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Topic: Climate Change

The future of food security and climate change in Malawi

The future of food security and climate change in Malawi

Go here to take part in the discussion on the scenarios for Malawi

Disponible uniquement en anglais / Disponible sólo en Inglés 

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Climate Change and Food Security: setting the track for the HLPE

Climate Change and Food Security: setting the track for the HLPE

Food and nutrition insecurity and climate change are, more than ever, the two major global challenges humanity is facing. These challenges are inextricably linked, and so should be the world’s responses.
The High Level Panel of Experts on Food Security and Nutrition (HLPE) is conducting a study on climate change to facilitate and inform the policy decision-making of CFS members and invites you to provide your views on the aspects that should be considered.

 

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14.06.2011 - 07.07.2011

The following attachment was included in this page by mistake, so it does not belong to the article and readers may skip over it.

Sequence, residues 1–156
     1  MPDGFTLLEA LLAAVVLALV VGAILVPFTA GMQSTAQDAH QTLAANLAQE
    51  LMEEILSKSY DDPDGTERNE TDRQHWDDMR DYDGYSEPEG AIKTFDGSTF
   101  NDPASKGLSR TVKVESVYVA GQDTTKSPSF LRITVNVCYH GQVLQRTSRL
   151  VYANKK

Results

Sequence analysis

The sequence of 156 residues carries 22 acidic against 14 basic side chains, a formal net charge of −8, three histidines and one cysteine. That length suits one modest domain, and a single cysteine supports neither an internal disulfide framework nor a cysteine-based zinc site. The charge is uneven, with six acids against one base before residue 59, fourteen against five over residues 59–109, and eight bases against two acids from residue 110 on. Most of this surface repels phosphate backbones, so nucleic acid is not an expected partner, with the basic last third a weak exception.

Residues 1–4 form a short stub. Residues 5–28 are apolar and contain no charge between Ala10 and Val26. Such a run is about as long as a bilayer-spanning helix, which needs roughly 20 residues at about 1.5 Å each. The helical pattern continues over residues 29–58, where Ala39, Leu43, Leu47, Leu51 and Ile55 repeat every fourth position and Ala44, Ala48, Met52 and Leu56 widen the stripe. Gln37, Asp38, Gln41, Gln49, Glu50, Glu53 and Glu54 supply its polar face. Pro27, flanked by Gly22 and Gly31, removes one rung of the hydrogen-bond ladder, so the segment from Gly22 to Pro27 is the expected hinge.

Climate Change and Food Security: HLPE consultation on the V0 draft of the Report

Climate Change and Food Security: HLPE consultation on the V0 draft of the Report

The challenges of climate change to food security are multidimensional and assessing them requires some appraisal of issues such as identifying the most affected vulnerable regions and populations and the interface between climate change and agricultural productivity. The current draft aims at providing guidance for developing nationally-relevant policies and programmes.
Please share your comments.
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State of the World's Forests 2014

Enhancing the socioeconomic benefits from forests

Across the world, forests, trees on farms, and agroforestry systems play a crucial role in the livelihoods of rural people by providing employment, energy, nutritious foods and a wide range of other goods and ecosystem services. They have tremendous potential to contribute to sustainable development and to a greener economy. Yet, clear evidence of this has been lacking. This evidence is critical to inform policies on forest management and use, and to ensure that the benefi ts from forests are recognized in the post-2015 development agenda, not only with respect to the environment, but also for their contributions to broader social issues.

This edition of State of the World’s Forests addresses this knowledge gap by systematically gathering and analysing available data on forests’ contributions to people’s livelihoods, food, health, shelter and energy needs. Crucially, the report also suggests how information might be improved and policies adjusted, so that the socioeconomic benefits from forests can be enhanced in the future.